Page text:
There are around ninety species of beetle backed flies – and this is one of them. Native to Asia and Africa they do are small sized insects but with macrophotography they do not look quite so small. The reason for its swollen appearance is not because it is about to lay eggs (or has just ingested something larger than itself which is enough to start off a gag reflex, possibly). Rather it has an enlarged scutellum. This is the triangular plate behind its pronotum, which is one of the three parts that makes up its thorax. Its wings are behind the scutellum.

The Poitou - The Donkey with Dreadlocks

Sunday 3 June 2018

A look at the Poitou donkey from South West France. 

Only thirty years ago, less than thirty of these beautiful and friendly animals were left. 

Now, thanks to a conservation programme, it looks as if the dreadlocked donkey is set to stay awhile on Planet Earth.

The Bat-Eared Fox – Did You Ever See a Fox Fly?

Saturday 26 May 2018

Around 800,000 years ago a species developed on the African Savannah, a canid but quite unlike any other. It was small – with a head and body length of only around 55 cm, tawny furred and with black ears. It is the ears which really make this mostly nocturnal animal stand out.  On average they are a staggering 14 centimeters in length.  Proportionally they may not be as large as Dumbo’s but this is no fictional appendage. These ears are for real.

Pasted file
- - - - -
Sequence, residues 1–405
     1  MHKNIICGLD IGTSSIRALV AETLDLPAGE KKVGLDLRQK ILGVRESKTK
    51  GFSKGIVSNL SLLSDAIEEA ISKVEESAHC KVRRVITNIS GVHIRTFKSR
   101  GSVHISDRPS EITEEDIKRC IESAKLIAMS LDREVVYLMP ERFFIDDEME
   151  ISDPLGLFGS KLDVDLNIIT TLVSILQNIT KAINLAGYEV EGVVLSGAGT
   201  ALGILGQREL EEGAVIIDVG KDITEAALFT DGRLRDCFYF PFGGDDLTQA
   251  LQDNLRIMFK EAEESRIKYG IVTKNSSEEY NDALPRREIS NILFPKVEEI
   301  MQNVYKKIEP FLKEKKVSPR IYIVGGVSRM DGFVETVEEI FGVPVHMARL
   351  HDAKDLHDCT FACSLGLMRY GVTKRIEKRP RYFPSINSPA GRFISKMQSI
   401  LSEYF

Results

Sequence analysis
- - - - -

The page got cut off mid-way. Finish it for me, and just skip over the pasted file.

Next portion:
The Frog that Turns Blue

Saturday 19 May 2018

The Moor Frog is a small and rather unprepossessing amphibian. They grow up to seven centimeters in length and are a reddish-brown color. However, all that changes once a year between March and June. It is then that the male of the species turns blue.

Here you can see the ‘before’ and ‘after’ colors of the male.